16th Annual Child Health Research Days

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Save the date: Oct. 6 & 7, 2021

Abstracts

#22 The Next Generation Study: In-utero exposures and breastfeeding initiation after birth for Indigenous children exposed to pre-gestational diabetes.


Camille Glidden, University of Manitoba; Brandy Wicklow, University of Manitoba; Farrah Jabar, Children’s Hospital Research Institute of Manitoba; Sarah Colatruglio, Children’s Hospital Research Institute of Manitoba


Introduction

The Next Generation Study is a longitudinal birth cohort study examining risk factors for the development of type 2 diabetes in Indigenous children. In-utero exposure to pre-gestational diabetes is known to increase the risk of type 2 diabetes development in children. In previous studies, breastfeeding for at least 12 months was shown to reduce the risk of type 2 diabetes development in children born to Indigenous mothers with pre-gestational diabetes.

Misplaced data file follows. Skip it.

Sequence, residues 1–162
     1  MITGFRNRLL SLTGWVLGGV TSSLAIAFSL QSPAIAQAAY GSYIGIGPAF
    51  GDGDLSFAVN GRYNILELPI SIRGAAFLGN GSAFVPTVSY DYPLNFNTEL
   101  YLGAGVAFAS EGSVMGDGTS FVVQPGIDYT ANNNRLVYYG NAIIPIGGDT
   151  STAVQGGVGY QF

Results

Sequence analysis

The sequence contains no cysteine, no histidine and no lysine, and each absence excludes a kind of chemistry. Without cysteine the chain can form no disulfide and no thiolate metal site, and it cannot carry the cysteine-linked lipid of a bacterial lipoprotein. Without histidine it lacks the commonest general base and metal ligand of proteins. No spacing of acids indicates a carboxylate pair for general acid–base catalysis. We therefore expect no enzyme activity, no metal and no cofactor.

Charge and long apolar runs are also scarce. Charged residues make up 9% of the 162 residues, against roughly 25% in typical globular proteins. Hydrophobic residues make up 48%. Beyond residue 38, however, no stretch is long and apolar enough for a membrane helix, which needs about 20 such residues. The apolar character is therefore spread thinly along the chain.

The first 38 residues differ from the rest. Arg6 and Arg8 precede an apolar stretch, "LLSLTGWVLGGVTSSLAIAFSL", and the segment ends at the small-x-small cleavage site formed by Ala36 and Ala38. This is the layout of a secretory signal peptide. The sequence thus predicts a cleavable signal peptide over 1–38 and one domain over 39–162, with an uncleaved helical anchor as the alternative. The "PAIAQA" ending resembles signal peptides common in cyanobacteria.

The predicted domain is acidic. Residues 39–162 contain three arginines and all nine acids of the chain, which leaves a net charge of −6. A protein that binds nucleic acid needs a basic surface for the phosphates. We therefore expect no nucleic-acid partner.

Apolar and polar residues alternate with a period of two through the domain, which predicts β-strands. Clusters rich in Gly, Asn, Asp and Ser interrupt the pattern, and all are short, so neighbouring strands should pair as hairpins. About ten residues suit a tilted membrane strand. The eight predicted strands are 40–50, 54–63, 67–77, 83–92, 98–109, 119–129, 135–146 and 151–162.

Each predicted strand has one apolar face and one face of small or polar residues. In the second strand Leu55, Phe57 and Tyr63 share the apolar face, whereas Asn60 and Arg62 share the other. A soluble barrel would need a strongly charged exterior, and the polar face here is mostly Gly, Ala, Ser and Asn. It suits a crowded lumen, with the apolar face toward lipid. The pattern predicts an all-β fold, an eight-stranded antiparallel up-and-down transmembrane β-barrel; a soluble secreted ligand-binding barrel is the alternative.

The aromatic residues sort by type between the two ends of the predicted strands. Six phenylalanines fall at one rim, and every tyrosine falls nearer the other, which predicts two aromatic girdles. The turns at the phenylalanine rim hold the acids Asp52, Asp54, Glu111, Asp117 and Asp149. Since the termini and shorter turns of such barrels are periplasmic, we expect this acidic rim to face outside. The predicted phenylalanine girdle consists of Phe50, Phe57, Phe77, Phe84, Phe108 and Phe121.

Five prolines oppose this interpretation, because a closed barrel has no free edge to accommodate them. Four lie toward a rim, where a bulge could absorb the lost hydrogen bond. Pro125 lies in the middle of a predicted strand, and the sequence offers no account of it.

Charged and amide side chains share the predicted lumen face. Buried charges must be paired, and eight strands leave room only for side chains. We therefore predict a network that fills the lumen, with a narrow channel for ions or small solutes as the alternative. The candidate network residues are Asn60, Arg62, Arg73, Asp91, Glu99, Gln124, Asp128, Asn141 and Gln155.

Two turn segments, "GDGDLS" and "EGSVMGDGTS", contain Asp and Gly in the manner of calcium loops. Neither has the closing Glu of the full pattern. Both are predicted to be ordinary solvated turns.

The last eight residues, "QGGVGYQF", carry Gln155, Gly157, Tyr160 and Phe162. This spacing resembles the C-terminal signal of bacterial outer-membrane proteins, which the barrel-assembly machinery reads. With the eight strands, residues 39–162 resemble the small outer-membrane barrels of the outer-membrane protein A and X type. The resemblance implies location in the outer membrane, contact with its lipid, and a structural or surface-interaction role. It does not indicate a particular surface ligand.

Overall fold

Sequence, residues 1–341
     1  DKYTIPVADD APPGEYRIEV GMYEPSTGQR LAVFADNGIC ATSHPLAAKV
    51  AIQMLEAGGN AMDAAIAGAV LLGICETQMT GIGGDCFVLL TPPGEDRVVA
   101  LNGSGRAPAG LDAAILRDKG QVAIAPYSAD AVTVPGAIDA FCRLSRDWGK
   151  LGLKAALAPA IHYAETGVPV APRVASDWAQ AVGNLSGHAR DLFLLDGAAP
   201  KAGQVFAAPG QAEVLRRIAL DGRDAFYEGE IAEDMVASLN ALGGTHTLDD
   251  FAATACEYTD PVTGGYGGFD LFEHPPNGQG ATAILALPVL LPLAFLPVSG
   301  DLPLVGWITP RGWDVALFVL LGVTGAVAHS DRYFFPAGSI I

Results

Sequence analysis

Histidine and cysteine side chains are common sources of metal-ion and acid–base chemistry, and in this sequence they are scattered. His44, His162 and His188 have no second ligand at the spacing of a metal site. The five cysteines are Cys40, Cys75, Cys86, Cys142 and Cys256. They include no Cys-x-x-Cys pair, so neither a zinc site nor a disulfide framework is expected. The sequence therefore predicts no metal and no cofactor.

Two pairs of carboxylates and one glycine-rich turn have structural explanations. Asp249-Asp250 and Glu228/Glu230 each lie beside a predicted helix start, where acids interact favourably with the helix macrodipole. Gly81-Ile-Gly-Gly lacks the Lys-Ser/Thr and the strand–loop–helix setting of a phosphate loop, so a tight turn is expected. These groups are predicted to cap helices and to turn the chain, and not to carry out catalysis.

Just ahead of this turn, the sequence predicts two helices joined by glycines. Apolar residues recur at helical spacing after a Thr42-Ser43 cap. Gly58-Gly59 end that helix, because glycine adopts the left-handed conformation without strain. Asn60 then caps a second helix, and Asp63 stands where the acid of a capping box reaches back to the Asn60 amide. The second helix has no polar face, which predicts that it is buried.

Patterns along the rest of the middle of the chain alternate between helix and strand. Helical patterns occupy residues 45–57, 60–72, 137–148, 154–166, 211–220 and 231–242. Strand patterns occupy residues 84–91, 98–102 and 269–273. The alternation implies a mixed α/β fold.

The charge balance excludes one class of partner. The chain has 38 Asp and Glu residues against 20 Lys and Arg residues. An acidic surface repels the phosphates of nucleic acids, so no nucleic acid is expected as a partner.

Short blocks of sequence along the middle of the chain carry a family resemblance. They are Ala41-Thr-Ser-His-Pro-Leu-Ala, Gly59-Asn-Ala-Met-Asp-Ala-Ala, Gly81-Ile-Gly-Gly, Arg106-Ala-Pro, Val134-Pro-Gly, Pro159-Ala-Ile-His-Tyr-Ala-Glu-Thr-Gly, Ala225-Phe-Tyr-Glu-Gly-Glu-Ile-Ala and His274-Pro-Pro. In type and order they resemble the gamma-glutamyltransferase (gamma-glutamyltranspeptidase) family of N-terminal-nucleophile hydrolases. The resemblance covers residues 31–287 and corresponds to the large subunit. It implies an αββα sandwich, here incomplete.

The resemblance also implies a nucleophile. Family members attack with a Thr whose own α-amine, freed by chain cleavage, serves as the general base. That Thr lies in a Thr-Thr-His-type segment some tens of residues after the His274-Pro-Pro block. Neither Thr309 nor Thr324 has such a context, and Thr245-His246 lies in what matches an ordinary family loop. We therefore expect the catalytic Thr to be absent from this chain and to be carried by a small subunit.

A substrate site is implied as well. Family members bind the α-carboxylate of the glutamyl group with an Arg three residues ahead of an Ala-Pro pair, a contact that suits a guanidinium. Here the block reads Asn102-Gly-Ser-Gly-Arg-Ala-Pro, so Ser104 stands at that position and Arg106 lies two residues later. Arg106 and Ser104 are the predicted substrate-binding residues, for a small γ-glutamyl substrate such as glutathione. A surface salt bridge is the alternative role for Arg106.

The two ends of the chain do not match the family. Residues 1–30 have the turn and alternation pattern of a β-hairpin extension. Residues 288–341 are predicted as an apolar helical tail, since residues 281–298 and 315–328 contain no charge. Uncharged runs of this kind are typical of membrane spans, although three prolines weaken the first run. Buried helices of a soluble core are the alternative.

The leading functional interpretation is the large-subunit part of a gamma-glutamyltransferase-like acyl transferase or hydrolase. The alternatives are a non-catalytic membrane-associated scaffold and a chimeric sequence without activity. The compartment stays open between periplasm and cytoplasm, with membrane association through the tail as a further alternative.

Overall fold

Methods

Data was collected through medical chart review of mothers during pregnancy and at delivery. Descriptive statistics were performed on the dataset.


Results

Within the cohort of 270 offspring, charts with a complete dataset were collected for 102 offspring and their mothers. Median maternal age at delivery was 22.0 years (15.2-35.1 years) and the median maternal pre-pregnancy BMI was 27.95 kg/m2 (18.0-41.90 kg/m2). The rate of smoking during pregnancy was 61.8% and the rate of alcohol and drug use was 12.7& and 10.8%, respectively. C-sections were performed for 44.1% of all births. In infants, the median gestational age was 37 weeks (31-40 weeks), with 34.3% of infants born preterm (<37 weeks).  1.96% were small for gestational age, 58.82% were average for gestational age, and 39.22% were large for gestational age. Finally, the rate of breastfeeding initiation for the offspring was 47.1%.


Conclusion

Infants in this cohort are exposed to above average rates of smoking, preterm birth and birth by c-section. Additionally, these infants have a low rate of breastfeeding initiation, which could be a protective factor against the development of diabetes.